WHEREAS in 1994 the Province of Alberta assumed full responsibility for funding education and for the education property tax system; AND WHEREAS the education property tax system is truly confounding and is based on factors associated with equalized and live assessments, caps on equalized assessments, regulated and market values, uniform provincial mill rates and live mill rates; AND WHEREAS some citizens on fixed incomes who live on residential and farm properties face large tax increases resulting from increases in market value;AND WHEREAS the current education property tax system has and will continue to result in shifts and increases in education taxes to certain Alberta property owners that are considered neither fair nor understandable to them; AND WHEREAS significant and much needed funding is generated by the Province through the education property tax system;
THEREFORE BE IT RESOLVED that the Alberta Association of Municipal Districts and Counties urge the Government of Alberta to: 1. commencing in the Year 2000, cap residential and farmland education property tax requisitions at 1999 levels for each municipality in the province; 2. commence a program for each year thereafter, of education residential and farmland property tax requisition reductions from the previous capped levels, with a view to eliminate this tax over a short period of years as the primary form of tax relief given to Albertans by its provincial government; and3. continue to provide required funds and to offset reduced revenues for primary and secondary education programs, from the general revenues of the Province.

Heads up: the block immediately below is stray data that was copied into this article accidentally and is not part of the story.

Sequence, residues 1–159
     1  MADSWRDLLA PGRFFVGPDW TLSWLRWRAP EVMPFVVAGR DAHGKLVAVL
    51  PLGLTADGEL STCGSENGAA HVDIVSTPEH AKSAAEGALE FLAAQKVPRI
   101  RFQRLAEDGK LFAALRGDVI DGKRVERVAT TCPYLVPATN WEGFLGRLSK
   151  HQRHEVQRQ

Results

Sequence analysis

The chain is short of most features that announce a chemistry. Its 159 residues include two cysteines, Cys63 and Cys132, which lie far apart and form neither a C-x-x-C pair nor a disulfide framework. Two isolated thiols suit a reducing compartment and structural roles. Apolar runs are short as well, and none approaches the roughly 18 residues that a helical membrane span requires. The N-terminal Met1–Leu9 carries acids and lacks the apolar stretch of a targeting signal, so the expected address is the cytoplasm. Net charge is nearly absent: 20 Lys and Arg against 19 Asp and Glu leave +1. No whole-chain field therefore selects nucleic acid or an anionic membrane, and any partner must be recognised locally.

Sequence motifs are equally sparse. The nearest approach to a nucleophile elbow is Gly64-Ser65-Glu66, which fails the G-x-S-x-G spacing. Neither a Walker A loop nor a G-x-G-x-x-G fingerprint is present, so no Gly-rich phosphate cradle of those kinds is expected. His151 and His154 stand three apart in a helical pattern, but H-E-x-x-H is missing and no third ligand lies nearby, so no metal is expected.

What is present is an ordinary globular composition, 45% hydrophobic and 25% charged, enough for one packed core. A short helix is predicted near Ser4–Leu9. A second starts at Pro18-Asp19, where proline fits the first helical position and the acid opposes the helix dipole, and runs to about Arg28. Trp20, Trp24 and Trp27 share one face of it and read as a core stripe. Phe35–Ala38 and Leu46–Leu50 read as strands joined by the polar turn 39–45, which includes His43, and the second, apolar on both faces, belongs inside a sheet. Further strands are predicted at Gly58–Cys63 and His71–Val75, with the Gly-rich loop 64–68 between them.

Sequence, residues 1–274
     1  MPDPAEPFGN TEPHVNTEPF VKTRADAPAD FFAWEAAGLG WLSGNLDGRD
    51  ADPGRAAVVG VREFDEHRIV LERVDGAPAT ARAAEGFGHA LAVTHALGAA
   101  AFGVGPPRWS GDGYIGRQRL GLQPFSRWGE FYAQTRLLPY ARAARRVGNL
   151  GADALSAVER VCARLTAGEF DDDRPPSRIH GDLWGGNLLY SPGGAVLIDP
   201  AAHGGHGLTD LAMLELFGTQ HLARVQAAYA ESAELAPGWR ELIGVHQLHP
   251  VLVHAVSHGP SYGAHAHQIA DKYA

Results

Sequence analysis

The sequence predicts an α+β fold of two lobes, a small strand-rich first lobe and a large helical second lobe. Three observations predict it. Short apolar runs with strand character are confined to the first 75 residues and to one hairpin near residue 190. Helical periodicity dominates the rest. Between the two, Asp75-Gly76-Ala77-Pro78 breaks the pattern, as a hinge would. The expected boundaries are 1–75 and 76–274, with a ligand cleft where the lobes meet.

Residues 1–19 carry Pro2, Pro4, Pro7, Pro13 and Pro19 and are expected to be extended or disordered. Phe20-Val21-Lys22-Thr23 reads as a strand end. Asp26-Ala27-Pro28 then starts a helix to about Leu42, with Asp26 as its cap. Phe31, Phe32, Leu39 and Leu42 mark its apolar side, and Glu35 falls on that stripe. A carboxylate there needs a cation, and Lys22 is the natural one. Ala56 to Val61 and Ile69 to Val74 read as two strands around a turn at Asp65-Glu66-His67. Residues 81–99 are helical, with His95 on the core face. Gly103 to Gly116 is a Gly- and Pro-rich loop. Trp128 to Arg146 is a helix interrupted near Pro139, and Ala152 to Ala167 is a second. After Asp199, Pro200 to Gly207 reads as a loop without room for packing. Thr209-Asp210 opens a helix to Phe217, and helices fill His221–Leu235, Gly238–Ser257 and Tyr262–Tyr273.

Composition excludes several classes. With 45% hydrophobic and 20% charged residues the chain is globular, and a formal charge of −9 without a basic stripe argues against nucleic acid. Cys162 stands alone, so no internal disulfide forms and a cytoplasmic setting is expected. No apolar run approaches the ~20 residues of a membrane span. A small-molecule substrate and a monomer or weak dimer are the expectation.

During the past few years, the provincial government has received numerous presentations, lobbies and resolutions relating to the taxation of residential and farmland property for education purposes. The purpose of this resolution is to keep the issue in front of the Alberta Government, and to suggest an alternative. Generally, municipal concerns with the present education tax system are as follows:Confusion:The present education tax system is extremely confusing for the general public. Given the inter-relationships between equalized and live assessment, capped assessments, regulated and market assessment values, and uniform provincial mill rates and live municipal mill rates, there is little wonder the general public is unable to understand the basis of their education tax levy. For example, in 1998, when the province announced that its education taxes were being reduced, the education tax reflected on some municipal tax notices in Alberta actually increased. Such occurrences add to the growing frustration on the part of property owners with respect to property taxes. It also diminishes the credibility of the property tax system in the eyes of the general public.Instability:One of the main complaints many municipalities receive every year concerns the escalation of the education property tax. Generally, the complaint is that although no improvements have occurred on a ratepayers property, that individual has received an increase in their property tax. People on fixed incomes are particularly troubled and are concerned that they may not be able to keep their properties because of rising taxes. Quite simply, property owners are now looking for some certainty that their education taxes will stop rising.Unfairness:Another concern with the present education tax system relates to differing tax amounts that are collected from similar residential properties in Alberta.An Administrative Committee struck by Honourable Iris Evans in 1998 investigated the effect of market value assessment on the levying of education property tax throughout the province. That Committee determined that the use of market value assessment, as the means by which the education tax is levied, is resulting in inequities in terms of the contribution made by property owners in different parts of the province.The Committee found that, consistently, property owners located in strong real estate markets paid considerably more education tax than homeowners in weaker real estate markets on similar housing styles and property types. In certain cases, the tax levy between similar style housing differed by as much as $1,200, and differences of $600-$800 were common.Given that education is funded consistently across the province, it is understandable that these discrepancies have become a major issue with both taxpayers and local officials.The delegate body of the Alberta Association of Municipal Districts and Counties is urged to support this resolution and to continue in its lobby efforts to the provincial government for meaningful change, consistent with this resolution, to the manner in which education is funded in this province. The alternative is that a system that is unfair to the people of Alberta will come.